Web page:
There are two important aspects of the Alawite religion. The first is that the beliefs and rituals are intensely secret. No women and only a few of the men are admitted to the full mystical dogma of the sect.[vii] The second is that they were persecuted by both Sunni and Shi’ite rulers throughout their existence. These things combined to create the most important tenet of the Alawite religion; one can and should lie about one’s faith. This, known as taqiya, led naturally to dissimulating about everything else. Alawites are not Muslims and most Muslims consider them heretics, at best. But they are able to perform Sunni or Shi’ite rituals with no compunction when called upon. There is an Alawite saying. “However a man dresses does not change him. So we remain always Nusayris, even though we externally adopt the practices of our neighbors. Whoever does not dissimulate is a fool, for no intelligent person goes naked in the market.”[viii]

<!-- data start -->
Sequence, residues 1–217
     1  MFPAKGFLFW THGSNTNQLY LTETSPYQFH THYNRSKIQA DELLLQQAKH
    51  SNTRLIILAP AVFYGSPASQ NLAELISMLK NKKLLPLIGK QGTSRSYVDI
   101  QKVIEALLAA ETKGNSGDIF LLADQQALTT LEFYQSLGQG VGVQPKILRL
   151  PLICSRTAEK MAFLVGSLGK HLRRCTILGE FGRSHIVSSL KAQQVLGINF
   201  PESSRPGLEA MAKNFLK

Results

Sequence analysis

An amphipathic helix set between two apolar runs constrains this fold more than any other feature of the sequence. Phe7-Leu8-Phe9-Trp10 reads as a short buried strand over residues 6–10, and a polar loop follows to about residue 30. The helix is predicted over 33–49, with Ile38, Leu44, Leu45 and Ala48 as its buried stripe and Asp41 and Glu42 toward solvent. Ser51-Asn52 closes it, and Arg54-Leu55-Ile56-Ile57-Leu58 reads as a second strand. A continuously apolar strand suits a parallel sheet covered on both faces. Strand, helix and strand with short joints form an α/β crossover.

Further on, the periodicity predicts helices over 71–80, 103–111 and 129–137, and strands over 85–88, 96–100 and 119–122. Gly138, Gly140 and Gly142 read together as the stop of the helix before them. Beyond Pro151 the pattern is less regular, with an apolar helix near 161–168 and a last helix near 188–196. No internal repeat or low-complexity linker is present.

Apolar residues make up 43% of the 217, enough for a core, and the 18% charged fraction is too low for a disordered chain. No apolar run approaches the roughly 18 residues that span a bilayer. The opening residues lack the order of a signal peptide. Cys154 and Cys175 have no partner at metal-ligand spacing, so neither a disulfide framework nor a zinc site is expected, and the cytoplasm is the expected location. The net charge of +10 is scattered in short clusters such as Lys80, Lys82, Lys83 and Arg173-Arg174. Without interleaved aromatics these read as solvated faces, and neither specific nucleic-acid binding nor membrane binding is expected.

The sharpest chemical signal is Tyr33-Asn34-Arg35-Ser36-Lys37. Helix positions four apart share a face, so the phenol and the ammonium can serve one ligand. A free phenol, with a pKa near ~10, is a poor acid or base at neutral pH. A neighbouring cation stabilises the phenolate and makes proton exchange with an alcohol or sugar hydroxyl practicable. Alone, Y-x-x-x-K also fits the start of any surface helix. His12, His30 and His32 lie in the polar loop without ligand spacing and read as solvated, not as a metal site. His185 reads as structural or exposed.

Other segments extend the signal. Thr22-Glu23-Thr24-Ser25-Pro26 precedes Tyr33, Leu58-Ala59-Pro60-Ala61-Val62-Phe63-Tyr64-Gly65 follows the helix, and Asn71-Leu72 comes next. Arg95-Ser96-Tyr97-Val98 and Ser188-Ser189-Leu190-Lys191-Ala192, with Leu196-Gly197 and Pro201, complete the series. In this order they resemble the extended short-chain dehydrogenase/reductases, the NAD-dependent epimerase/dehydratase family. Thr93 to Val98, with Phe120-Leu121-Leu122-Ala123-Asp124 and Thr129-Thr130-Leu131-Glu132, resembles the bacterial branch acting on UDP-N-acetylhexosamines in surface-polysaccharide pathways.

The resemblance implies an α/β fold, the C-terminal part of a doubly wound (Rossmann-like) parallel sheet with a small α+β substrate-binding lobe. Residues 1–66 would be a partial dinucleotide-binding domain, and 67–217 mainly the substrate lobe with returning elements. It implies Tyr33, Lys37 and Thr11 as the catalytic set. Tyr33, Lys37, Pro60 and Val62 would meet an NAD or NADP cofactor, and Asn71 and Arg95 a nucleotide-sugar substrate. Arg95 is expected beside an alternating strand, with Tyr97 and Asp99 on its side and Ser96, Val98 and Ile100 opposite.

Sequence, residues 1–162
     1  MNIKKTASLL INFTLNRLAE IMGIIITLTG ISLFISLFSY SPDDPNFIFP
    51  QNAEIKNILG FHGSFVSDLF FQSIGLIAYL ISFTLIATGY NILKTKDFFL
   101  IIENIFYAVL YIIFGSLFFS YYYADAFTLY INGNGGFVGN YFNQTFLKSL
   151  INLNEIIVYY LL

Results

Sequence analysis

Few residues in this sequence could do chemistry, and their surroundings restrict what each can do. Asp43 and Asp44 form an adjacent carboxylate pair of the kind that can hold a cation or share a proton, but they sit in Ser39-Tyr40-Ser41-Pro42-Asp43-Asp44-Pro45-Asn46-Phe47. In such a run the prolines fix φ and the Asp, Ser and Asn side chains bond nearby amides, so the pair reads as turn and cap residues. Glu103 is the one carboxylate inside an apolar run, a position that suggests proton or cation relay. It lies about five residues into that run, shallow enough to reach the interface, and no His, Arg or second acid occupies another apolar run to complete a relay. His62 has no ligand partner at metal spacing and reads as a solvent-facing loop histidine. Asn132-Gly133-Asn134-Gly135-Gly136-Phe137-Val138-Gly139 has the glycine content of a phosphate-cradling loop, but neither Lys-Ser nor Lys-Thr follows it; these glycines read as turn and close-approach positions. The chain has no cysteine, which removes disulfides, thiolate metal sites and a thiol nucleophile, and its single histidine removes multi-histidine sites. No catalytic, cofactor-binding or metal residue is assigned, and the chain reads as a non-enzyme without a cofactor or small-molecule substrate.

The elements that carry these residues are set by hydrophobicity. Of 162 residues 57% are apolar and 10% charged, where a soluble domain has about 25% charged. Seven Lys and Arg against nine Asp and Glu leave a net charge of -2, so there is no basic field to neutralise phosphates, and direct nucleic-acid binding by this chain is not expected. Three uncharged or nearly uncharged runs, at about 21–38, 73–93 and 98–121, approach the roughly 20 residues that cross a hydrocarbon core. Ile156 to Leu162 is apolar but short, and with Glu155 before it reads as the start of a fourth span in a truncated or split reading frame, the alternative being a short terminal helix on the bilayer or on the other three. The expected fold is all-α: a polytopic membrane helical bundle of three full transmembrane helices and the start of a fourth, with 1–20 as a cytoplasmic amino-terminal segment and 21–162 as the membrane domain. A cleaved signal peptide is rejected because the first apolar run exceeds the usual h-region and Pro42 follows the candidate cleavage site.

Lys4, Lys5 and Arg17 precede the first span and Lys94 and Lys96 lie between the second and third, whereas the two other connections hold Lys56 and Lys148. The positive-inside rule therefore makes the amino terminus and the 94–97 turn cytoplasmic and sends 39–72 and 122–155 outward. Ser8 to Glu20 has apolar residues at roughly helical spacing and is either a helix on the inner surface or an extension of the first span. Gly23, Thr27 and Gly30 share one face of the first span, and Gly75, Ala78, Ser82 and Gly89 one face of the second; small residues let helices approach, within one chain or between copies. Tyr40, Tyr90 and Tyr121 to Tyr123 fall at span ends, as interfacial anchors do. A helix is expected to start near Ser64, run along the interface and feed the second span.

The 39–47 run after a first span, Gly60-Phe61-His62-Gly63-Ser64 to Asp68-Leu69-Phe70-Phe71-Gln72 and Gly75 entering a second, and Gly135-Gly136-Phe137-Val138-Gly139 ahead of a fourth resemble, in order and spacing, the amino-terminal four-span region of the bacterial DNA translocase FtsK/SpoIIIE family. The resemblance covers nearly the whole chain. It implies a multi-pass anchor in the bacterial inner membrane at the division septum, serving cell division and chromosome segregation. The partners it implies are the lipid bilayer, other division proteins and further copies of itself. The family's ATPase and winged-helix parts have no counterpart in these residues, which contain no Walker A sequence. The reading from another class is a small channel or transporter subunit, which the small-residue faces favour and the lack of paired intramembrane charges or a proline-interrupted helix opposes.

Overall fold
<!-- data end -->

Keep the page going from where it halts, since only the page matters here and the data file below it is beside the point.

In 1940, as part of a new pan-Arab movement, a group of thirteen Nusaryi sheiks sent a letter to the Grand Mufti of Jerusalem, asking for a fatwa, or decree, stating that they were Muslim. The letter stated the basic tenets of the faith and assured the Mufti that they followed all of these. Amazingly, the Mufti and his advisors granted this. Why they did is difficult to say, since they presumably knew of the practice of taqiya.   From this time, the Nusaryi officially were known as Alawite.[ix]

 

            This demonstrates how Assad can with apparent sincerity tell the world that he has no chemical weapons. Then he says, whoops, has some but he’ll turn them over to the UN. Oh dear, he found a few more but he won’t use them. And, of course, he would never drop chlorine bombs on his own people. But, the people he’s bombing are Syrians, often Sunni or Christian or Druze. I presume he would never attack fellow Alawites. At least, that’s what he says.